Today the law favours one man who is a billionaire, rather than the billion people living on less than a dollar a day. There are no laws to protect the twenty thousand children who die needlessly every single day; from starvation and preventable disease.

Every one of the seven billion people on this Earth should have the opportunity to earn three dollars an hour. Yet you have examples like the late Steve Jobs who was a multi billionaire, who exploited half a million Chinese slaves on fifty cents an hour.

How can modern laws be better for all people?

In the spirit of praying for justice for all people

Eric
Reply

Independent
06-10-2013, 03:40 PM
Originally Posted by Eric H
How can modern laws be better for all people?
I just don't agree the modern world is such a bad place. I'm very grateful to it for many things.

For modern medicine, which saved my life twice by the age of 13. For my eyesight, which is now far better than Nature intended. And, amongst other inventions, for my dishwasher.

I'm also grateful for an amazingly progressive taxation system that transfers vastly more wealth from rich to poor than at any time, in any country, prior the 20th century.

Life is not perfect and it seems even more incomprehensible that there should be famine today. But the past certainly wasn't any better.
Reply

glo
06-10-2013, 03:48 PM
Originally Posted by KAding
Secularism is as much a practice as it is an ideology.
I have never understood secularism as anti-religion, but as religion-less. In that sense it is neutral and doesn't favour any one religion over another.

I don't perceive secularism to necessarily be a threat to religion or religious people. Indeed it can teach us believers a thing or two about respecting others.

I find it interesting to hear from the comments from atheist members in this thread that the beginnings of more peaceful interactions were instigated by religious people and NOT secularism - as secularism as a principle was not around at the time.
So the motivation (whether people ran out of steam or saw the light for other reasons) came from within the circle of believers.

That sounds more agreeable that my friend's assertion that without secular influences and restrictions we would still be at each other's throats ...:raging:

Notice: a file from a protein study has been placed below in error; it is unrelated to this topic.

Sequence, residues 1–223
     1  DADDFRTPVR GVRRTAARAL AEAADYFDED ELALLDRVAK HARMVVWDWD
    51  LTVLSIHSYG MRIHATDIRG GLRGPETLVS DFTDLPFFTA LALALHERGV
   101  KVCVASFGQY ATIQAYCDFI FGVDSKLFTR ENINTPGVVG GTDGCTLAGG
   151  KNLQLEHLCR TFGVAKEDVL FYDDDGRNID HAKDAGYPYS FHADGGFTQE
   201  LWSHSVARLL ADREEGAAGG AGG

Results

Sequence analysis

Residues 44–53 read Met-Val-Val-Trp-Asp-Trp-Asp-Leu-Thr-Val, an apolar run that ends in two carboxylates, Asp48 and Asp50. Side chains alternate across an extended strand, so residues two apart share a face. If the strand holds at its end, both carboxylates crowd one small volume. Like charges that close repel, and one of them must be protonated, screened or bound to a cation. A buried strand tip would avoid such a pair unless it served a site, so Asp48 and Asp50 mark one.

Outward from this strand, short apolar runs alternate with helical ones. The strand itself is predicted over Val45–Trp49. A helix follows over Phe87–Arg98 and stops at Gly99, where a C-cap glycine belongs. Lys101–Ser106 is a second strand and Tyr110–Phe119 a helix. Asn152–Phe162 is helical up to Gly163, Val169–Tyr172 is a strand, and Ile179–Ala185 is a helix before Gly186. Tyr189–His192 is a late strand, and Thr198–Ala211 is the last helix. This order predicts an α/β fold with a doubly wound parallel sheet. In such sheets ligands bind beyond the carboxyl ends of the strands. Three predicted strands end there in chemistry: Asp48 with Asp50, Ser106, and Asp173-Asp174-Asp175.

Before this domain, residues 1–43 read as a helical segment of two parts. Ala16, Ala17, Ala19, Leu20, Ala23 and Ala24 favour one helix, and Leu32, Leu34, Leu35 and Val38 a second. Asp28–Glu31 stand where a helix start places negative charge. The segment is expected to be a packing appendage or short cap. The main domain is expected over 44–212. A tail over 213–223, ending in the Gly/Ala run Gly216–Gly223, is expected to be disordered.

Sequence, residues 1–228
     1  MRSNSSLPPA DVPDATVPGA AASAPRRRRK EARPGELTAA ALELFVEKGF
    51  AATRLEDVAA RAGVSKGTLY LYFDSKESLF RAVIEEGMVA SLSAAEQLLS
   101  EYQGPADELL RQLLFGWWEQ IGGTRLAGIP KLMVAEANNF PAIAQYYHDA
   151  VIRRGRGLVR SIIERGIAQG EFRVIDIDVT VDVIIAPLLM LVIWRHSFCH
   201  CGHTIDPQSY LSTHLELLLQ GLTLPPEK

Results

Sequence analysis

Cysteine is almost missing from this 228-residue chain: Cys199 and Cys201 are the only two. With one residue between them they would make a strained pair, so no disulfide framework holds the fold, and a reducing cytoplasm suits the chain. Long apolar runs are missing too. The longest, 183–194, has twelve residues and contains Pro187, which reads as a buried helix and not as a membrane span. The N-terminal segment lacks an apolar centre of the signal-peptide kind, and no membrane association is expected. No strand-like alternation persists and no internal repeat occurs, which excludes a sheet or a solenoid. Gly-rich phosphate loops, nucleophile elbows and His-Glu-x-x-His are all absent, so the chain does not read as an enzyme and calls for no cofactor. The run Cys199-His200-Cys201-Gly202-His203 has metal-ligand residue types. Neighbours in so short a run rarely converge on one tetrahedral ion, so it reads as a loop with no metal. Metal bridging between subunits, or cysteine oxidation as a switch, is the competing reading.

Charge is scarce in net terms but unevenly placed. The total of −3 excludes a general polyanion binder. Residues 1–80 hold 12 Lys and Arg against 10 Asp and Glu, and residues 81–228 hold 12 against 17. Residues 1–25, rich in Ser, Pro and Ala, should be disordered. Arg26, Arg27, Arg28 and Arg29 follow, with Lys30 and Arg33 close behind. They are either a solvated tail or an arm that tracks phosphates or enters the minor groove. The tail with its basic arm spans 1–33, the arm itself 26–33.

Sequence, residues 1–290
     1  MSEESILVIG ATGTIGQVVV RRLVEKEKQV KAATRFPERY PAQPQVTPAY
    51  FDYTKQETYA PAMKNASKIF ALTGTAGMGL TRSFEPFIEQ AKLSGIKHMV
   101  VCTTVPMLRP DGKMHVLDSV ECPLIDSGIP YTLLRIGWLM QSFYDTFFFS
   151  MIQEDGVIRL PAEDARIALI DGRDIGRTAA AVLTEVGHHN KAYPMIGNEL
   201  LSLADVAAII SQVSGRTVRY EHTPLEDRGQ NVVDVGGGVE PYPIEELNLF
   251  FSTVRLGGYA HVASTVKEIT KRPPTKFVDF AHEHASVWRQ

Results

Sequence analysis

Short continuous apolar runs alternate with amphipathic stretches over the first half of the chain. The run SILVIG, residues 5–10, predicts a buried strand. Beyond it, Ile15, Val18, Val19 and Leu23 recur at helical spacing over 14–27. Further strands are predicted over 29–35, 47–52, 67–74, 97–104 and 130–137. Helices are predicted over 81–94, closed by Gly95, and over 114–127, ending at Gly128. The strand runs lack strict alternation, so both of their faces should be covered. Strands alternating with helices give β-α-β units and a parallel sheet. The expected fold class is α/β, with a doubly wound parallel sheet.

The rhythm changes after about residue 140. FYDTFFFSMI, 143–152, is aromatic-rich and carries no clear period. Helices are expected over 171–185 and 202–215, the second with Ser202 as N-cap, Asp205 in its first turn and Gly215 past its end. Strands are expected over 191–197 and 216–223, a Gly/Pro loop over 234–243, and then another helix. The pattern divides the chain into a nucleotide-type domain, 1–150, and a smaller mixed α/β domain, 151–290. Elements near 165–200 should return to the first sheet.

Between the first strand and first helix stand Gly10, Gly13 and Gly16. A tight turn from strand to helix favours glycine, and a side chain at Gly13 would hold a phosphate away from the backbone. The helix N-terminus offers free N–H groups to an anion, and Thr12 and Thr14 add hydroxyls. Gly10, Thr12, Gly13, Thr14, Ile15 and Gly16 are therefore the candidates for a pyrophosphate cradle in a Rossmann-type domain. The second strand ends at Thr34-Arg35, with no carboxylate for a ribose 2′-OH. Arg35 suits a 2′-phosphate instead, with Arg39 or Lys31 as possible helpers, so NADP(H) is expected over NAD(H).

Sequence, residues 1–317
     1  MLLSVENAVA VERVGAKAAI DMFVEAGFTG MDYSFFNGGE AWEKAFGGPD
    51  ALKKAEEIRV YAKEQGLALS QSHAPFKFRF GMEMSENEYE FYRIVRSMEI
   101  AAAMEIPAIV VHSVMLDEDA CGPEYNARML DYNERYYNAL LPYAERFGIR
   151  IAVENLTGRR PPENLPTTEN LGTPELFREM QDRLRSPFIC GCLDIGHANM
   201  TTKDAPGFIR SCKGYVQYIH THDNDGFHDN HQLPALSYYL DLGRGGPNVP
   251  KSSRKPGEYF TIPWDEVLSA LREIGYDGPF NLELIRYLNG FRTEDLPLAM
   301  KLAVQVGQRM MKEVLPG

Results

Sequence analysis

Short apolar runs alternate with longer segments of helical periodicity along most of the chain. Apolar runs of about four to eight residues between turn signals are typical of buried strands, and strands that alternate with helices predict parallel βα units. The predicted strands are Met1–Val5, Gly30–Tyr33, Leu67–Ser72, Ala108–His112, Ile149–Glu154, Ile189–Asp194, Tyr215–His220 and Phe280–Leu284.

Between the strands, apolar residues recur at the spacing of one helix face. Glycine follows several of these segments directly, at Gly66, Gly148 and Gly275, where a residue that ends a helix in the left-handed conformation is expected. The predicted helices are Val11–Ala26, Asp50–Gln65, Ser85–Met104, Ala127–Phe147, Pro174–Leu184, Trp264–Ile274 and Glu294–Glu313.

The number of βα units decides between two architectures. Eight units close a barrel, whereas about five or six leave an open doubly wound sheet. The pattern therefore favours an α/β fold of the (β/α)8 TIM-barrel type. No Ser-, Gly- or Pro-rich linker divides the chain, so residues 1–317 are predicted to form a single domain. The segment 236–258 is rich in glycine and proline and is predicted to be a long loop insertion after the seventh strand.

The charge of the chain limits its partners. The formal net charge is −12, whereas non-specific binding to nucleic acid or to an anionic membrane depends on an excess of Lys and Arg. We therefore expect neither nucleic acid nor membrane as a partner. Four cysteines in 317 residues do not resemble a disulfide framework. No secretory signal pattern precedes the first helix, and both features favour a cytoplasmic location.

Reply

Independent
06-10-2013, 04:03 PM
Originally Posted by glo
the beginnings of more peaceful interactions were instigated by religious people and NOT secularism
I do see an ancestry of ideas from Christianity to liberal humanism in the UK. Jesus in particular is an amazing figure simply as a moral philosopher, whether you're religious or not.
Reply

Pygoscelis
06-10-2013, 04:11 PM
Originally Posted by Independent
I do see an ancestry of ideas from Christianity to liberal humanism in the UK. Jesus in particular is an amazing figure simply as a moral philosopher, whether you're religious or not.
As the speaker of the sermon on the mount, yes.

As a the central figure of vicarious redemption, no.
Reply

IbnAbdulHakim
06-10-2013, 06:04 PM
your friend needs desperate courses in islamic history.

tell him to pick up any historical document of repute regarding the islamic state during the reign of the rightly guided caliphas (Abu Bakr,Umar,Uthman,Ali) and to point out how it was "tamed by secularists" because justice was so rampant it was said an animal wouldn't move out of turn.
Reply

Pygoscelis
06-10-2013, 06:16 PM
Originally Posted by IbnAbdulHakim
your friend needs desperate courses in islamic history.

tell him to pick up any historical document of repute regarding the islamic state during the reign of the rightly guided caliphas (Abu Bakr,Umar,Uthman,Ali) and to point out how it was "tamed by secularists" because justice was so rampant it was said an animal wouldn't move out of turn.
Perhaps he should. But perhaps the "Justice" he finds there may still not look Just to him.

Originally Posted by Glo's Friend
Without the tolerance and legal restriction imposed by secular society and thinking, Christianity and Islam would still be rampant in stoning, flogging and persecuting those it considers 'unfit' or not religious enough.
Was any of this going on within the islamic state during the reign of the rightly guided caliphas?